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Lisa Gilbert @gilbertlisak
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Thread. Last month I published an article about how resistance within slavery needs to be something we center in social studies classes
#historyed #sschat #socialstudies #slavery #slaveryarchive
It's in The History Teacher, but they don't publish online until 6-12 months after the paper copy, so - what with #SlaveryWasAChoice trending & last month's @splcenter @Tolerance_org survey & articles - I'm tweeting through it here
Basically, my argument is that we need to represent the PERSONHOOD of enslaved people - and that doing so means recognizing that *they resisted in countless ways* that go far beyond the narrow textbook renderings of self-liberation/escape & uprising (although those are important)
I follow @DrLaGarrettKing's important lead in utilizing Dr. Charles Mill's work on revisionist ontology: correcting the historical narrative to center resistance is more accurate AND helps avoid creating "an insidious array of cognitive & moral splits" in students' consciousness
Surveying the literature on history textbooks, I quote Kolchin's survey of AP textbooks, which finds they misrepresent scholarship to make it seem as though the central debate is "whether slavery was harsh or lenient" - something historians DON'T argue about
So what I did was to survey the major scholarly books on American slavery to look at how they represented resistance WITHIN enslavement.

But that's not the only mode of resistance, to be sure - my footnotes here survey so many other forms. It's basically a bottomless well
(Here are those footnotes, in case you want the list. Rebellions. Self-liberation, whether obtained via escape or securing manumission for oneself or family members. Black service in the Revolutionary and Civil Wars. Black leadership of the abolitionist movement. And more...)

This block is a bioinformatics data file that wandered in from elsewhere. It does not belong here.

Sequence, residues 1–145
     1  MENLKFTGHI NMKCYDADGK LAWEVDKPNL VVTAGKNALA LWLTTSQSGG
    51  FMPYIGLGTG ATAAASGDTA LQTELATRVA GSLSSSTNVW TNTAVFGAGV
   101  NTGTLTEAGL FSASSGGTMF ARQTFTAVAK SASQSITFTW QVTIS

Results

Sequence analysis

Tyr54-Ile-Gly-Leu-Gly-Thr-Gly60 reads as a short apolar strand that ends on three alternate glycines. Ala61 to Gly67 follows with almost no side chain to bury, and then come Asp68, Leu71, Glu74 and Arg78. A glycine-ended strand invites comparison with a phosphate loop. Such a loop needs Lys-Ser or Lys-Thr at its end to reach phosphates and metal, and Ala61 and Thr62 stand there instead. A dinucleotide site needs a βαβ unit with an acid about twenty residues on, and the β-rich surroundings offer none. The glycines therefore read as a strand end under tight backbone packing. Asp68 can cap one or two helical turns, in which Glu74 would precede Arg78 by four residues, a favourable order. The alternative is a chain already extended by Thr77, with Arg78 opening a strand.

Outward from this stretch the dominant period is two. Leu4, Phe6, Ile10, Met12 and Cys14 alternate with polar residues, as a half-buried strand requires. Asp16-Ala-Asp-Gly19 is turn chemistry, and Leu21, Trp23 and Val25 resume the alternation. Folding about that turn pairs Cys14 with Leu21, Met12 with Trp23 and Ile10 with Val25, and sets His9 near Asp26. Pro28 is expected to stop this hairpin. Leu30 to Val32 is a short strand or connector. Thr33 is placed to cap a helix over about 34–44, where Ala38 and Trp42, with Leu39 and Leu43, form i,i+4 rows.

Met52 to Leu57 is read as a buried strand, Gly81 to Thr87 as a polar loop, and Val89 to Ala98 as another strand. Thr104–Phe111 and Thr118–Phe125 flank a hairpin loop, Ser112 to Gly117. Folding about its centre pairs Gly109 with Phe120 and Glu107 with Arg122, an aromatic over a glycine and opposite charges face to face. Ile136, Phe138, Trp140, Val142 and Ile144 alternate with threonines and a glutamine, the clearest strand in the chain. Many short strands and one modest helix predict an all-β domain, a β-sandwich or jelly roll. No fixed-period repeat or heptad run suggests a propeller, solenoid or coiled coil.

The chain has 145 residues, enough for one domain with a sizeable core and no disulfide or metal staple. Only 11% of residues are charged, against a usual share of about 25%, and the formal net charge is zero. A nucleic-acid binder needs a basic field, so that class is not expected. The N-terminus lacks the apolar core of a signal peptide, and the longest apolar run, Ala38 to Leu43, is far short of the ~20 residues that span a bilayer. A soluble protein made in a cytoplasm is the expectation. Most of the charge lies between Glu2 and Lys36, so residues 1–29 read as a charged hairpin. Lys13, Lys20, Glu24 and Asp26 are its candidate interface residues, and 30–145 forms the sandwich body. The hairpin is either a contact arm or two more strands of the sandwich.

For this study, I stuck to books because I wanted to show just how standard this knowledge is in the scholarly community. It's not culled from a few obscure articles - although there are LOTS of important articles out there that would add to this immeasurably
A *very* important caveat: when we talk about resistance to enslavement, we absolutely cannot do so in a way that creates an alternate fantasy world in which slavery was okay.

So here I put @PainterNell in conversation with Stephanie Camp - two important voices to learn from
My essay takes 3 main areas of resistance within slavery - labor, family, & culture. I started with labor, but the problem is that it continues to envision enslaved people in the instrumental terms defined by their enslavers - so we also need family & culture
Any discussion of family has to keep in mind Painter's observation that in many scholars' works "the institution of the black family appeared preternaturally immune to the brutality inherent in slavery" - but also, that love & relationships were real, even in horrific conditions
For culture, I drew from @Ed_Baptist's image of African American culture as a "collective body that survived forced migration even though many bodies did not survive it" - that culture is a creative act, not a passive one
But again, I worry about how all this could be misrepresented. So I ended by saying, "History teachers should not give the impression that slavery was anything but a crime against humanity. American slavery was without justification and stands without redemption."
I still decided to publish it, because (as the above quote continues) "it is a crime of historical memory to not recognize the personhood of the people whose stories we study. An institution can be condemned as dehumanizing without acquiescing to its internal logic"
Anyway, I wanted to put this out there since it's not really findable online right now. DM me if you want more - but here's the citation:

Gilbert. L. (2018). Resistance within enslavement as a case study for personhood in American history. The History Teacher, 51(2), 221-246.
Basically I guess I was just trying to put some detail on something a museum colleague once told me:

"On a plantation with 300 enslaved people, you'll find 300 ways of resisting."

We can represent at least 3 of those ways in our history classrooms... /fin

(cc @InterpSlavery)
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